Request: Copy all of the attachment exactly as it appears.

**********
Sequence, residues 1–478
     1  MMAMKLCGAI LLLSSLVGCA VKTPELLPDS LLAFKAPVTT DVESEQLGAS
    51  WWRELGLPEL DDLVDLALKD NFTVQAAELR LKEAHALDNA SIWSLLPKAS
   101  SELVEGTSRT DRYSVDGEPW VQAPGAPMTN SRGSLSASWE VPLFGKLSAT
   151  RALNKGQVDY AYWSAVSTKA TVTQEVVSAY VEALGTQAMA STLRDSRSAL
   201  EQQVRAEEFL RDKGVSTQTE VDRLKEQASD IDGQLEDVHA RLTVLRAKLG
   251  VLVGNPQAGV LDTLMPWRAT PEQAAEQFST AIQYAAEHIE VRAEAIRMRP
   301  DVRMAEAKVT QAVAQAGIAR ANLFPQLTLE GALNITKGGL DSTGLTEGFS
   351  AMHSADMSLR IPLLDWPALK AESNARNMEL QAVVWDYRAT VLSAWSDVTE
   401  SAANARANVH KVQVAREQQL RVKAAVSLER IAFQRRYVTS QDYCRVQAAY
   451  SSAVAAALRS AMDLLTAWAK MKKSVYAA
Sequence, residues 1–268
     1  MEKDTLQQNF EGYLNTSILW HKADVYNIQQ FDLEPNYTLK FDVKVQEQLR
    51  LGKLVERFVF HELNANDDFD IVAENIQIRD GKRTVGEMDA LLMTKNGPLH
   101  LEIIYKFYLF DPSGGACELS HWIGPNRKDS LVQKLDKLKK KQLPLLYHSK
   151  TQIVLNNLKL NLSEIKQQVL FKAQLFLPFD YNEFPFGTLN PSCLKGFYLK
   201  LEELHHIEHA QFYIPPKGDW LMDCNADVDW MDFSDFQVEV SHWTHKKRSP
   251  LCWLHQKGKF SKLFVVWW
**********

Sequence, residues 1–478
     1  MMAMKLCGAI LLLSSLVGCA VKTPELLPDS LLAFKAPVTT DVESEQLGAS
    51  WWRELGLPEL DDLVDLALKD NFTVQAAELR LKEAHALDNA SIWSLLPKAS
   101  SELVEGTSRT DRYSVDGEPW VQAPGAPMTN SRGSLSASWE VPLFGKLSAT
   151  RALNKGQVDY AYWSAVSTKA TVTQEVVSAY VEALGTQAMA STLRDSRSAL
   201  EQQVRAEEFL RDKGVSTQTE VDRLKEQASD IDGQLEDVHA RLTVLRAKLG
   251  VLVGNPQAGV LDTLMPWRAT PEQAAEQFST AIQYAAEHIE VRAEAIRMRP
   301  DVRMAEAKVT QAVAQAGIAR ANLFPQLTLE GALNITKGGL DSTGLTEGFS
   351  AMHSADMSLR IPLLDWPALK AESNARNMEL QAVVWDYRAT VLSAWSDVTE
   401  SAANARANVH KVQVAREQQL RVKAAVSLER IAFQRRYVTS QDYCRVQAAY
   451  SSAVAAALRS AMDLLTAWAK MKKSVYAA
Sequence, residues 1–268
     1  MEKDTLQQNF EGYLNTSILW HKADVYNIQQ FDLEPNYTLK FDVKVQEQLR
    51  LGKLVERFVF HELNANDDFD IVAENIQIRD GKRTVGEMDA LLMTKNGPLH
   101  LEIIYKFYLF DPSGGACELS HWIGPNRKDS LVQKLDKLKK KQLPLLYHSK
   151  TQIVLNNLKL NLSEIKQQVL FKAQLFLPFD YNEFPFGTLN PSCLKGFYLK
   201  LEELHHIEHA QFYIPPKGDW LMDCNADVDW MDFSDFQVEV SHWTHKKRSP
   251  LCWLHQKGKF SKLFVVWW